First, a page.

The Pay-Footprint Edition Friday, May 27, 2016

Apple Is ‘Working Rapidly’ To Launch Apple Pay In More Countries In Asia And Europe, by Jon Russell, TechCrunch

Apple Pay may only be available in just six countries right now, but the iPhone maker is keen to extend the footprint of the digital payment service worldwide.

That’s according to Jennifer Bailey, VP of Apple Pay, who spoke to TechCrunch this week as the service expanded its presence in Singapore, where it now supports five major banks that cover over 80 percent of cards, following an initial launch in April. Apple Pay is also live in the U.S., Canada, the UK, Australia and China, but there are plans to do a lot more.

EMV Rules Ruining Apple Pay, by Evan Schuman, Computerworld

The problem here is that although POS systems know that an NFC transaction is contactless, those systems often do not know much or even anything beyond that. The POS has no idea if a biometric authentication was completed, so it needs to ask for the signature. The POS has no idea whether the shopper was shown an amount — and certainly not whether the shopper really thought about it — so it must show it again and demand a confirmation.

Dropbox In Your Kernel

Dropbox Gets All Up In Your Kernel With Project Infinite. Cue Uproar, by Gavin Clarke, The Register

Project Infinite employs kernel extensions that’ll move from it from accessing your system’s user space and into the kernel space. Tapping the kernel isn’t a new or unique idea but it is generally reserved for more mission-critical applications, such as security or antivirus.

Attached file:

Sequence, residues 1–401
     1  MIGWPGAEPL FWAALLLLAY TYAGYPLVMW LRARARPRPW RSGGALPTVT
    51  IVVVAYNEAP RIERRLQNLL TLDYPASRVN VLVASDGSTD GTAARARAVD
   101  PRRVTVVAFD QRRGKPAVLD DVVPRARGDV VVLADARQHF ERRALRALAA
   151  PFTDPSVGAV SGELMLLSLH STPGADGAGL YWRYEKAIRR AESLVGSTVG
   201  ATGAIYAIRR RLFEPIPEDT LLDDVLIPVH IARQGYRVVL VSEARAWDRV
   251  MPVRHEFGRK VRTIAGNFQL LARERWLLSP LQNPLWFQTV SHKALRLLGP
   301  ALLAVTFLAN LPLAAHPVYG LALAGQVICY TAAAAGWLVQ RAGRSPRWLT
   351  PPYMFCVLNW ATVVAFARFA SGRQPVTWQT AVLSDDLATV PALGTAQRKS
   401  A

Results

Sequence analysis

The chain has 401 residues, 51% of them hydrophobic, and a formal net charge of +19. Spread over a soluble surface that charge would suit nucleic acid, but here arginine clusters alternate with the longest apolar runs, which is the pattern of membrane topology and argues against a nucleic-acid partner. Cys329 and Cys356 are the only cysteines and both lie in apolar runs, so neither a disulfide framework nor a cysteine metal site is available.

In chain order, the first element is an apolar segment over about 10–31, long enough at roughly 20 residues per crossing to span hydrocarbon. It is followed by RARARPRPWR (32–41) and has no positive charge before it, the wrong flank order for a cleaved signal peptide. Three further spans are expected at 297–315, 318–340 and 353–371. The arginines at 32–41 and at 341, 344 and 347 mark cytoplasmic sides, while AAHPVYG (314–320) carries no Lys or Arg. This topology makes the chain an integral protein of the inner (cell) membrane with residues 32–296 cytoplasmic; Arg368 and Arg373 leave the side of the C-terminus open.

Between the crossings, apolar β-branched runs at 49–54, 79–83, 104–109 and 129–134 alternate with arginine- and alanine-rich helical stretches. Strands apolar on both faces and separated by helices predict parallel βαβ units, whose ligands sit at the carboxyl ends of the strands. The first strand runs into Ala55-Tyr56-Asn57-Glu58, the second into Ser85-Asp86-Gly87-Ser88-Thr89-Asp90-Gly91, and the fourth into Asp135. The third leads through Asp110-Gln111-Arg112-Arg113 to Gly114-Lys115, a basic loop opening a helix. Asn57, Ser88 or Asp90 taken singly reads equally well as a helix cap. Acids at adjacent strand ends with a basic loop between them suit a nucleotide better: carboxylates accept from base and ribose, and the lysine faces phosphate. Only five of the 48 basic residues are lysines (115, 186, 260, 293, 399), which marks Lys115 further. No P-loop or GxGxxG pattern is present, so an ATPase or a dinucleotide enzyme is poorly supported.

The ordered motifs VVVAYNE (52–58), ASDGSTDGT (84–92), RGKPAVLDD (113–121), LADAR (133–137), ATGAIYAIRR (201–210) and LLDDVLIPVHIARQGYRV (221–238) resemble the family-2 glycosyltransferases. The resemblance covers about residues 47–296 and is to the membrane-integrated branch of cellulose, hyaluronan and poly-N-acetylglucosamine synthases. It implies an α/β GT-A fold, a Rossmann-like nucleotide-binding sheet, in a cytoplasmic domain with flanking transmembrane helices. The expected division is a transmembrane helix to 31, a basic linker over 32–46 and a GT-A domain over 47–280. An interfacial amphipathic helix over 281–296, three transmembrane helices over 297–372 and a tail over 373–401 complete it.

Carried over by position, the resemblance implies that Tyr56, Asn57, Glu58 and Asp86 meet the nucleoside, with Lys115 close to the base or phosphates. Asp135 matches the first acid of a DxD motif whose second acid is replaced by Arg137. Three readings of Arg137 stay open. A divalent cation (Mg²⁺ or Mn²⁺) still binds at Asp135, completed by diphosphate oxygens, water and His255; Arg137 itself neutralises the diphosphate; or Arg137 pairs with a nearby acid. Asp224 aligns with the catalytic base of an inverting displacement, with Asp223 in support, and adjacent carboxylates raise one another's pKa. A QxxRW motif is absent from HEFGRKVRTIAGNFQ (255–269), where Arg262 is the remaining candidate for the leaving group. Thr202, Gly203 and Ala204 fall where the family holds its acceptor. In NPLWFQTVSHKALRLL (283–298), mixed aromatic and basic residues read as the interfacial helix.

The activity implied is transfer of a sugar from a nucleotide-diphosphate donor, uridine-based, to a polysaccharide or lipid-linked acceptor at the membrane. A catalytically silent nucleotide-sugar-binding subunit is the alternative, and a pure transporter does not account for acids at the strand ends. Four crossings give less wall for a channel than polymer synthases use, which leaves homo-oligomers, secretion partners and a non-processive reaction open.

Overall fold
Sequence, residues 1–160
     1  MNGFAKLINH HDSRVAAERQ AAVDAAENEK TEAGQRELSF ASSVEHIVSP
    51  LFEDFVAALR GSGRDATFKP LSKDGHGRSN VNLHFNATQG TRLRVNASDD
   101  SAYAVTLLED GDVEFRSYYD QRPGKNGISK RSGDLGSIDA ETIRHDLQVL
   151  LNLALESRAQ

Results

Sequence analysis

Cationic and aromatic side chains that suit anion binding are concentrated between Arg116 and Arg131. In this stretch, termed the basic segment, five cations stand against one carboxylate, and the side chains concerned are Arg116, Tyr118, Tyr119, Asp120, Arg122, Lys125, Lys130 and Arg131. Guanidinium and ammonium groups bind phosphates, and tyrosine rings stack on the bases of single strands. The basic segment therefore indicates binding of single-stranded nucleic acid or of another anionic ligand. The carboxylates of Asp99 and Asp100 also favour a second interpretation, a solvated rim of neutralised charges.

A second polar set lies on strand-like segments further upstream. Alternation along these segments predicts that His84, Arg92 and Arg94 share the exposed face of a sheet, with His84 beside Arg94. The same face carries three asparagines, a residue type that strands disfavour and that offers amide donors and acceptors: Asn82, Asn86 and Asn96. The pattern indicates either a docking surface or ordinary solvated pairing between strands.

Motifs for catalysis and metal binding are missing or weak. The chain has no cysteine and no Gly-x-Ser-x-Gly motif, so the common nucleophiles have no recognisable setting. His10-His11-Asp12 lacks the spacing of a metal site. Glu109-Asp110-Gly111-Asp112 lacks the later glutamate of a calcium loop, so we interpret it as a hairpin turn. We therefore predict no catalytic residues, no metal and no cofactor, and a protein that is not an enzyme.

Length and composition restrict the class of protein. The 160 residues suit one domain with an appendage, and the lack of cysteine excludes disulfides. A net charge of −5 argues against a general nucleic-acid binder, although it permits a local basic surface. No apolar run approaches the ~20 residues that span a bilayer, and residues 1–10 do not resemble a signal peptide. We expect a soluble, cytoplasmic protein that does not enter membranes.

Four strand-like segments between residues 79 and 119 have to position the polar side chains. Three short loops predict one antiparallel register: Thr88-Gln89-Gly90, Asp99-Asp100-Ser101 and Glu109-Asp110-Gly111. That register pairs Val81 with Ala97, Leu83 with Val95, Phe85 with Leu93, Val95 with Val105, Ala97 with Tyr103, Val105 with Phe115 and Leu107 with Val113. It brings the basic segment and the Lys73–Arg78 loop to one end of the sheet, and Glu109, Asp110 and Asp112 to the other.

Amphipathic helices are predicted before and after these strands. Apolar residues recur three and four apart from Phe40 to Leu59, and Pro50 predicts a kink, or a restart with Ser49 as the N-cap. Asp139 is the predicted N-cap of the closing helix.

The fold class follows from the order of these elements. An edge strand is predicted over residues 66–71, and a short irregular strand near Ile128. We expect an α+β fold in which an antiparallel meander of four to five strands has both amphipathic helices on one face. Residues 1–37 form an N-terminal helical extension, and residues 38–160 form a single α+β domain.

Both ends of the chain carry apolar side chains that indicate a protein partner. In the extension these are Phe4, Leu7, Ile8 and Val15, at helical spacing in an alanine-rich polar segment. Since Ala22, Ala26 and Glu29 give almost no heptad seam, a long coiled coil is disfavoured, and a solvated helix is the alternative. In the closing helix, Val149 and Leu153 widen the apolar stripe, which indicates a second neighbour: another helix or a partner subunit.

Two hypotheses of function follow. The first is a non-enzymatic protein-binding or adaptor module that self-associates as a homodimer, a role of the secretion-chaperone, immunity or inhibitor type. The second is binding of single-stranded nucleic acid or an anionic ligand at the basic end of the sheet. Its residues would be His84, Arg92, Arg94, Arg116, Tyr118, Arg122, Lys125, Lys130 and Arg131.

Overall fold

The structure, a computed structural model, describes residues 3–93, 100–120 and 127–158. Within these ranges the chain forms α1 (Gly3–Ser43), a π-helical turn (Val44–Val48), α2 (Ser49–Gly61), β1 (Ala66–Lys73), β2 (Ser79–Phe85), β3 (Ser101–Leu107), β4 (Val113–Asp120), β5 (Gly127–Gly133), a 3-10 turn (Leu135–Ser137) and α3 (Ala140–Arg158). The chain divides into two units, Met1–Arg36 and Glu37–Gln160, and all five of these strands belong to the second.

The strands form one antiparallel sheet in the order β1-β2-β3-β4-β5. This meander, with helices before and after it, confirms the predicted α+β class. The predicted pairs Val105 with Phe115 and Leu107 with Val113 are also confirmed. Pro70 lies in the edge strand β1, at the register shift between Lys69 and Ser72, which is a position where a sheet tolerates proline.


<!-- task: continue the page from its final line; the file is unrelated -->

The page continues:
Giving any piece of software access to the kernel is a huge step, as it gives a potential hacker unfettered access to your system’s memory and processes. Also, you’re potentially leaving yourself wide open to faults and failing in the software author’s code, as some users of certain antivirus software brands can attest to.

Apps For Your Body

This App Reminds You To Stop And De-stress, And Tells You How Well You’re Doing It, by Daniele Seiss, Washington Post

Dealing with excessive stress is an issue for a lot of people, compounded by the fact that we are not always aware when we are stressed. Wouldn’t it be great if we had our own bell of mindfulness to remind us to stop and breathe? And better yet, to show us how to breathe most effectively to reduce stress?

How You Really Can Beat Jet Lag Thanks To Apps And New Planes, by Clare Vooght, iNews

In recent months airlines including Qatar, Finnair and Singapore have been adding new planes with anti-jetlag features to their fleets – such as the A350 XWB from Airbus. The A350’s lighting mimics natural sunrises and sunsets to better regulate the body’s production of sleep hormone melatonin, and its cabin pressure is set at a more comfortable 6,000 feet (it’s usually much higher in older aircraft).

Meanwhile more and more travellers are using smartphone apps that offer tips and tailored schedules that promise to eliminate jet lag, based on scientifically proven remedies – from diet to sleeping times and light exposure.

Security Matters

Push For Encryption Law Falters Despite Apple Case Spotlight, by Dustin Volz, Mark Hosenball And Joseph Menn, Reuters

Draft legislation that Senators Richard Burr and Dianne Feinstein, the Republican and Democratic leaders of the Intelligence Committee, had circulated weeks ago likely will not be introduced this year and, even if it were, would stand no chance of advancing, the sources said.

Key among the problems was the lack of White House support for legislation in spite of a high-profile court showdown between the Justice Department and Apple Inc over the suspect iPhone, according to Congressional and Obama Administration officials and outside observers.